Known for its award-winning margaritas, Don Julio’s also wins guests over at several Texas locations with a variety of Mexican specialties, including guacamole made tableside. The chefs take pride in using fresh chicken, housemade chipotle sauce, seafood bought fresh at local Kemah markets, and a hearty amount of beans and avocado to flavor dishes. Entrees take their names from various Mexican cities, such as the Puerto Vallarta—a combination of enchiladas, tacos, tamales, and puffed chili con queso.
The portable snack, originally crafted back in 1960 in a 2,000-square-foot building in Houston, is the popular pick among discriminating Texans, including Mayor Annise Parker and Governor Rick Perry. Alamo tamales also make a mouthwatering gift for anyone who enjoys the sensation of brushing his or her teeth but would rather use shredded chicken instead of toothpaste.
Sounds of laughter and clinking glasses resound through the colorful walls of Madres Restaurant’s expansive dining room, where families and friends convene over authentic Mexican dishes morning and night. In the kitchen, chefs tend grills that sizzle with fresh steaks, seafood, and vegetables, whipping up specialties such as tender carne asada or creamy chicken poblano. Pots simmer with more than 10 varieties of meat, seafood, and vegetarian enchiladas.
Out in the dining room, dishes are joined by fruity margaritas and imported Mexican beers atop numerous tables and cushy booths. Warm lanterns and lush plants dangle from the ceilings, and ornamental Mexican artwork adorns the walls. Outside, an awning shades a front patio from the sun, rain, and falling anvils.
Poblano peppers, queso blanco, house-made flour tortillas, and other Mexican influences join Southern staples such as pecans and spinach dip on Tejas Grill and Sports Bar's expansive menu of burgers, salads, and fajitas. A longhorn skull peers over tap pulls as they loosen drafts of Shiner Bock, Fat Tire, and Lone Star and affable barkeeps pour more than 23 tequilas into cocktails and shots. Between stacked stone columns and Texas ephemera such as metal stars, vast plasma TVs dapple the walls of the airy dining room, flickering with sporting events and perpetual loops of The Lawrence Welk Show.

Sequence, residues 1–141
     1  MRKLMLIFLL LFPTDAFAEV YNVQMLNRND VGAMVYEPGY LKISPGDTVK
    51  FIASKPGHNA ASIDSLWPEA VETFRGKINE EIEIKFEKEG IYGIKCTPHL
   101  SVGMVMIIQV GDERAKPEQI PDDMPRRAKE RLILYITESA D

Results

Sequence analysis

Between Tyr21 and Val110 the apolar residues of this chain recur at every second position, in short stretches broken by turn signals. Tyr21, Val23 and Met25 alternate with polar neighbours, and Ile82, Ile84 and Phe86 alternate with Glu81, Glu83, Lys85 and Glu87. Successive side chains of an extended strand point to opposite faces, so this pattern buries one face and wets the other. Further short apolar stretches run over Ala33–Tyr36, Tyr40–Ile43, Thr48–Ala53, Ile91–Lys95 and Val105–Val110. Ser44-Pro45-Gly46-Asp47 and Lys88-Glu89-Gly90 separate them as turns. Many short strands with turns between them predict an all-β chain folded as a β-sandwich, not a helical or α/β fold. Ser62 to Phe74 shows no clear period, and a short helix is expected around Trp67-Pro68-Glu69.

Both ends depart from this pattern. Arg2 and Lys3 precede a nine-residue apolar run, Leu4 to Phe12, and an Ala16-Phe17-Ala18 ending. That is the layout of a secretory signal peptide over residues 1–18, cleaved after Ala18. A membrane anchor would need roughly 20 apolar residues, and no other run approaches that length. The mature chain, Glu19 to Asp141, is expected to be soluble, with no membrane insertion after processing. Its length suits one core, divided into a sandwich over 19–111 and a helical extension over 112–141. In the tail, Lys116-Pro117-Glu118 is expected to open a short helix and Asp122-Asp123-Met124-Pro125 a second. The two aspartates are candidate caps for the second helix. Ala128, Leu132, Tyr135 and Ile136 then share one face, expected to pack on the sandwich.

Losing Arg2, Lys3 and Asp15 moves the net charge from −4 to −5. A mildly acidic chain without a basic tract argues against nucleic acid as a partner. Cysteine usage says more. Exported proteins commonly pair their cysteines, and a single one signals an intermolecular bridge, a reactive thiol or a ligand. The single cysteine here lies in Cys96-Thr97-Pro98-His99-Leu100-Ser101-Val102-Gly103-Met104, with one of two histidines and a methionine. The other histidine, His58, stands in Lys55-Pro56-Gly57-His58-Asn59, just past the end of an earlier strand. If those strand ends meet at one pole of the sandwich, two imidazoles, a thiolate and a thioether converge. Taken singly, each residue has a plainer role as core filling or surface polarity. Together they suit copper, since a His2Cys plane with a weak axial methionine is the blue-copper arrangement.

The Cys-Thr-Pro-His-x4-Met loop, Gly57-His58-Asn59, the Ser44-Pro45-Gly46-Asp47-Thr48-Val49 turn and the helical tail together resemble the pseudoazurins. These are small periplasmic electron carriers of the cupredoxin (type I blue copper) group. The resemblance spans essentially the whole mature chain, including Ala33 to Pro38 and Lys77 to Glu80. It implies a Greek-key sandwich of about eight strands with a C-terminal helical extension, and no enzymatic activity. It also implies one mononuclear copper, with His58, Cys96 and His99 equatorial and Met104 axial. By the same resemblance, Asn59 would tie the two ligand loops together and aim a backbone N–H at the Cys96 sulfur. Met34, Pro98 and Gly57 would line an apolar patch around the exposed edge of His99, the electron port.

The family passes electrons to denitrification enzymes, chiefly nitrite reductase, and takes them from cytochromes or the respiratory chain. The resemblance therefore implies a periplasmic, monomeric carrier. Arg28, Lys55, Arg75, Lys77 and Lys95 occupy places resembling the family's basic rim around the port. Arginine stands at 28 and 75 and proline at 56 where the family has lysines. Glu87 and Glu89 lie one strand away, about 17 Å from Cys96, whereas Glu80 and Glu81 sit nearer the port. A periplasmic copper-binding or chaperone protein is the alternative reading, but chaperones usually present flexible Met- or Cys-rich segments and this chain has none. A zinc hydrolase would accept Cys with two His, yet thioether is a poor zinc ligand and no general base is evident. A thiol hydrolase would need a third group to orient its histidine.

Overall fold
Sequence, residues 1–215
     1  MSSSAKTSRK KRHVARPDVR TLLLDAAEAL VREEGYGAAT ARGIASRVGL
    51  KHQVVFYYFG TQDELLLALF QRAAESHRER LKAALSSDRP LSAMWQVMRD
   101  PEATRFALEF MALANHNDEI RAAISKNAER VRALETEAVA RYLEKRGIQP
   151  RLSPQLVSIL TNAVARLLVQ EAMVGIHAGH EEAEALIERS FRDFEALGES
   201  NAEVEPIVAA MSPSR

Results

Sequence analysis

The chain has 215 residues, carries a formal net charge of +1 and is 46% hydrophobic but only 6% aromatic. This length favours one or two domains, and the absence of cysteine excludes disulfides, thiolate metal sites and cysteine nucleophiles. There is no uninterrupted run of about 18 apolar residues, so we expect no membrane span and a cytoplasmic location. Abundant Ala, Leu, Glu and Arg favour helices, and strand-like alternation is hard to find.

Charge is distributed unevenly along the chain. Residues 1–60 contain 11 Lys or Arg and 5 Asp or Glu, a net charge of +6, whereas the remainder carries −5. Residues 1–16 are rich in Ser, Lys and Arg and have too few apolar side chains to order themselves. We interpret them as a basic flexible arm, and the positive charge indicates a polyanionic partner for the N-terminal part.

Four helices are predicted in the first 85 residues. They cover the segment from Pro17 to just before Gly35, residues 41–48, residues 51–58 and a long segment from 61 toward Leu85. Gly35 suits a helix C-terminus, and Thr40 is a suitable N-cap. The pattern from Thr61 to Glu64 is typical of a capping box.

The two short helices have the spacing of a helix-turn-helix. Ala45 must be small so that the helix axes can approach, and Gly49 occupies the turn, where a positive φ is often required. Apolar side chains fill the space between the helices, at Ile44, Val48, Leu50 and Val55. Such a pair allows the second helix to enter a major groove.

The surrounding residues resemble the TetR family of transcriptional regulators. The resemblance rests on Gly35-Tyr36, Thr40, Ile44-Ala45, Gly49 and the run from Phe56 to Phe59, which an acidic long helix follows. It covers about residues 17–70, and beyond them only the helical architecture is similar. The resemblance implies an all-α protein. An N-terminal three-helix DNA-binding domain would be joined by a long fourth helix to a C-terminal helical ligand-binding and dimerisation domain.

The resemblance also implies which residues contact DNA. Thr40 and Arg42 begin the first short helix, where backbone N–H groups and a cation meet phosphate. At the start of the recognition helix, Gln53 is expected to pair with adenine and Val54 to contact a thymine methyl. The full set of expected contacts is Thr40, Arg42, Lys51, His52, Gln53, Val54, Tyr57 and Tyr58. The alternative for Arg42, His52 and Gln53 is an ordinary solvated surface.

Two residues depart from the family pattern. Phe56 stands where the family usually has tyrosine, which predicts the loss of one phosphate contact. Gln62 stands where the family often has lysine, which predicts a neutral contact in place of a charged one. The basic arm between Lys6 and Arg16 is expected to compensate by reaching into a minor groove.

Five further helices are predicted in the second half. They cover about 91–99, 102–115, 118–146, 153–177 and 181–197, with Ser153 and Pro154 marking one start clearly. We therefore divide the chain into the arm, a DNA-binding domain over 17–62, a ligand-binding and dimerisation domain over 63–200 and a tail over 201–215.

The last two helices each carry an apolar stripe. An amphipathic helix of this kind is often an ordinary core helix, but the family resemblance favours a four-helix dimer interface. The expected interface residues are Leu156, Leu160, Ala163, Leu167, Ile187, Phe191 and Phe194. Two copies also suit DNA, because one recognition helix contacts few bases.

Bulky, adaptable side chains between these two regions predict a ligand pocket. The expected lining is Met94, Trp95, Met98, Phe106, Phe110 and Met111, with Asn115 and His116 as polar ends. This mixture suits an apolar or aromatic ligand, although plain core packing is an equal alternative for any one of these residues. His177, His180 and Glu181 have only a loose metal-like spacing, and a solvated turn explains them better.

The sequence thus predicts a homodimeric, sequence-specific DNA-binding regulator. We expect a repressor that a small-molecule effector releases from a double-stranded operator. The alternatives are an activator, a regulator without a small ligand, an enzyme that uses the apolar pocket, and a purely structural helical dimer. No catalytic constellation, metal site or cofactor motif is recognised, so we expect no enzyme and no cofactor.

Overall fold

Carlos Mencia, the owner of Maggie Rita’s Mexican Kitchen, has his face emblazoned across menus tinged with Mexican, Spanish, South American, and Texan culinary traditions. In ceviche, a traditional Peruvian dish, citric acid from lemons or limes cooks cubes of white fish infused with the flavors of spices and peppers. Empanadas burst open, spilling steam and revealing spicy mango and pork. The Tex-Mex influences shine in enchiladas, burritos or tacos, corn tortillas that cradle roasted pork or beef fajitas. Traditional Tex-Mex ingredients, from poblano peppers to cream sauces infused with cilantro and jalapeño, fill the plates of diners and the briefcases of lawyers who don’t mind not being prepared for a trial.